Most people assume that they need to understand the origins of their low self-esteem to improve it.

And while it’s true that unpacking the original cause of your low self-esteem can be helpful to an extent, the more important insight is this:

Whatever caused your low self-esteem in the past, it’s your present habits that are maintaining it.

In my work as a therapist, by far the biggest reason I see people struggle with low self-esteem is that they are caught in subtle mental habits that keep them feeling bad about themselves.

If you can learn to identify and overcome…

2. Create a warm-up ritual

A lot of people think of creativity and discipline as opposites. But nothing could further from the truth…

Creative discipline is the difference between wishing you were creative and actually creating stuff.

Many of the most creative people the world has ever known were surprisingly disciplined in their approach to creation:

  • When he’s writing a new novel, Haruki Murakami wakes up at 4:00 am every day, writes for 4–5 hours, then goes for a run or swims.
  • Beethoven was notorious for composing symphonies while going for walks each day.
  • And Thomas Edison relied heavily on a serious power napping routine…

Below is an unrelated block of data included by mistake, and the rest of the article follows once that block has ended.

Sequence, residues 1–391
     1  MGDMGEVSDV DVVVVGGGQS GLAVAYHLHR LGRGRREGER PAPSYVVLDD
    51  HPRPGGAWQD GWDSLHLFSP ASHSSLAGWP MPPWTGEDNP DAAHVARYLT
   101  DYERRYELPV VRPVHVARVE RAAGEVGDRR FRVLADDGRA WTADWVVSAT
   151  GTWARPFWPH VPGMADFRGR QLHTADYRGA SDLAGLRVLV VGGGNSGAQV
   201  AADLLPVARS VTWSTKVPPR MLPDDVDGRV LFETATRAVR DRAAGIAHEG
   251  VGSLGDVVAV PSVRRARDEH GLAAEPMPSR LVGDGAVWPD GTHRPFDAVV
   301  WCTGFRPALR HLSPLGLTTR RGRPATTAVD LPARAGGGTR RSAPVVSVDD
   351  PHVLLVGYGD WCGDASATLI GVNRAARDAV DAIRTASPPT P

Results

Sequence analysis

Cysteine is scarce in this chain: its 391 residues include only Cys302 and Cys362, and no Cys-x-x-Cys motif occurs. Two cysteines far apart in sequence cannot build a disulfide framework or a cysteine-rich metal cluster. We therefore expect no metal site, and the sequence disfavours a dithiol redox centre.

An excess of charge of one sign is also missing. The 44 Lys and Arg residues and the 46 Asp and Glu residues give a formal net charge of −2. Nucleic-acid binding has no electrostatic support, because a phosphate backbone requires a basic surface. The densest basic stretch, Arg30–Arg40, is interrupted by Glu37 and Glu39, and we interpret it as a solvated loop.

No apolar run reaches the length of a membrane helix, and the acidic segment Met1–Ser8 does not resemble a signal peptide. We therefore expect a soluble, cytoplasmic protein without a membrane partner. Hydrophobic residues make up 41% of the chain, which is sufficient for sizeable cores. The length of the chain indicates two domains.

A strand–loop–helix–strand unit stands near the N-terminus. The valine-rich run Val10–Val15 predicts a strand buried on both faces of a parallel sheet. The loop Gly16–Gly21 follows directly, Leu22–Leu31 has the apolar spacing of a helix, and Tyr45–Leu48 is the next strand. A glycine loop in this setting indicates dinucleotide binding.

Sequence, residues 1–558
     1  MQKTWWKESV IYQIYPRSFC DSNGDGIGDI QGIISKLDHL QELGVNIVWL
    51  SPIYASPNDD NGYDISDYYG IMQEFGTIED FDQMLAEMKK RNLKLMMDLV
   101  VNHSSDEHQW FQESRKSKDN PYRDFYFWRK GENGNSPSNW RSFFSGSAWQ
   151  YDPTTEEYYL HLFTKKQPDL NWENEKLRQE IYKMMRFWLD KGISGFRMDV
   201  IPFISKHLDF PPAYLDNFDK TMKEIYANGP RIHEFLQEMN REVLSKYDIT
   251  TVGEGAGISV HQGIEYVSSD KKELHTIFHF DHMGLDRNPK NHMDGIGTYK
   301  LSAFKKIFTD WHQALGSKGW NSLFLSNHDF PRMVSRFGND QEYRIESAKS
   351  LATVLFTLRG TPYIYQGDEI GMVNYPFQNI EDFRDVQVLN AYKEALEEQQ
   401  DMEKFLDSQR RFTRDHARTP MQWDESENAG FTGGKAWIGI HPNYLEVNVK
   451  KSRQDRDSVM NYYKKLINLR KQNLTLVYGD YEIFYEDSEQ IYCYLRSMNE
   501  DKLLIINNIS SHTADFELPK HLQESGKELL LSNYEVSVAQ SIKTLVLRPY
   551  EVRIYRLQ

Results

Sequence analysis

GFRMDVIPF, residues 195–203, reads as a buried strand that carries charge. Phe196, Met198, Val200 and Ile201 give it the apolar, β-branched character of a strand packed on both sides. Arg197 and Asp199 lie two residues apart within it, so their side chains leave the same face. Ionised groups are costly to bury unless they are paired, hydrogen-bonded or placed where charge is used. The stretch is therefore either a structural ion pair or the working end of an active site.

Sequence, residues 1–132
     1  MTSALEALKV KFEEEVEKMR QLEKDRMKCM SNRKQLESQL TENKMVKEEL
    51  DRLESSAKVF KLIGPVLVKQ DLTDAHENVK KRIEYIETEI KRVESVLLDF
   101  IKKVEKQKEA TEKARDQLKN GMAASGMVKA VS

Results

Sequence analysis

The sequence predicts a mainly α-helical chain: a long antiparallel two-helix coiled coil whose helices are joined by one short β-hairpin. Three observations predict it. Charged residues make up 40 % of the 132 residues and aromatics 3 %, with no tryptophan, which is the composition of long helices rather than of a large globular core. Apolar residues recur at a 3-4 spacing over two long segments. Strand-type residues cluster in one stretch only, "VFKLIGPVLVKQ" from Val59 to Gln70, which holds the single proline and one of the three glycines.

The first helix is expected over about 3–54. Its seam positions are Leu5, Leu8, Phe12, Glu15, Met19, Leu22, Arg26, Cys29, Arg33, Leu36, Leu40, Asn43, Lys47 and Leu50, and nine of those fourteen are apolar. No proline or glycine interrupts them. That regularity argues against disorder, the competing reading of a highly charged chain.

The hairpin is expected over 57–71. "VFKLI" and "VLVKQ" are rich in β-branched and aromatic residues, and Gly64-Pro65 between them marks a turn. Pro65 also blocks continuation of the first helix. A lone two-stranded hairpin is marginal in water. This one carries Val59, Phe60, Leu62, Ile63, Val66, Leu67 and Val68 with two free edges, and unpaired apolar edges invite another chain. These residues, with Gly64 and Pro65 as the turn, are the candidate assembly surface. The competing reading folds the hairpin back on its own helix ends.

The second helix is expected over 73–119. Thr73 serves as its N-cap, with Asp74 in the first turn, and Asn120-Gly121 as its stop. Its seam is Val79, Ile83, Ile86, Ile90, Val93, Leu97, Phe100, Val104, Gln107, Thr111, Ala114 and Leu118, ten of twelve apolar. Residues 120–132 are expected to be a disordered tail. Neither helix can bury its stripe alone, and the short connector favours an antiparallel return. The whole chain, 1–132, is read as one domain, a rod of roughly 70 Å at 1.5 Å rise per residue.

Let them go and watch your relationship thrive

As a therapist, I hear a lot of stories about very unhappy couples:

  • We fight constantly…
  • I haven’t felt close to him in years…
  • She’s so negative all the time…
  • At the best of times it feels like we’re roommates…
  • I just dread having to spend time with her…
  • He’s just totally checked out and uninterested…

To paraphrase the great Russian novelist Tolstoy:

All happy couples are alike, but every unhappy couple is unhappy in its own way.

So what is it that consistently happy couples do differently than unhappy ones? …

Don’t fight your feelings—change your relationship with them

A lot of people think that feeling emotionally balanced is a matter of luck…

  • Some people just never get very anxious because they don’t have the genes for it
  • Some people don’t get down and discouraged very often because they’re naturally optimistic

And while emotional balance does have something to do with your genetics and temperament, there’s a much deeper truth here…

Being emotionally balanced doesn’t mean you don’t have painful emotions — it means you have a healthy relationship with them.

For example:

  • Emotional balance doesn’t mean you never get anxious. It means that instead of trying to avoid…

#2: Develop an ‘early warning system’ for your burnout

Burnout is brutal.

  • Feeling like you’re under constant pressure to hit unrealistic deadlines
  • Trying to manage increasingly unbearable workloads
  • Having little to no support from managers and higher-ups
  • Feeling chronically exhausted and drained

I could go on and on with the symptoms of burnout, but if you’re reading this, you probably know them all too well.

Instead, I want to give some practical and creative advice for learning to deal with burnout at work more effectively. And the gist of it is this:

The best way to manage burnout is to get better at avoiding it in the first place.

Nick Wignall

Psychologist and blogger. I help people use psychology for meaningful personal growth: https://nickwignall.com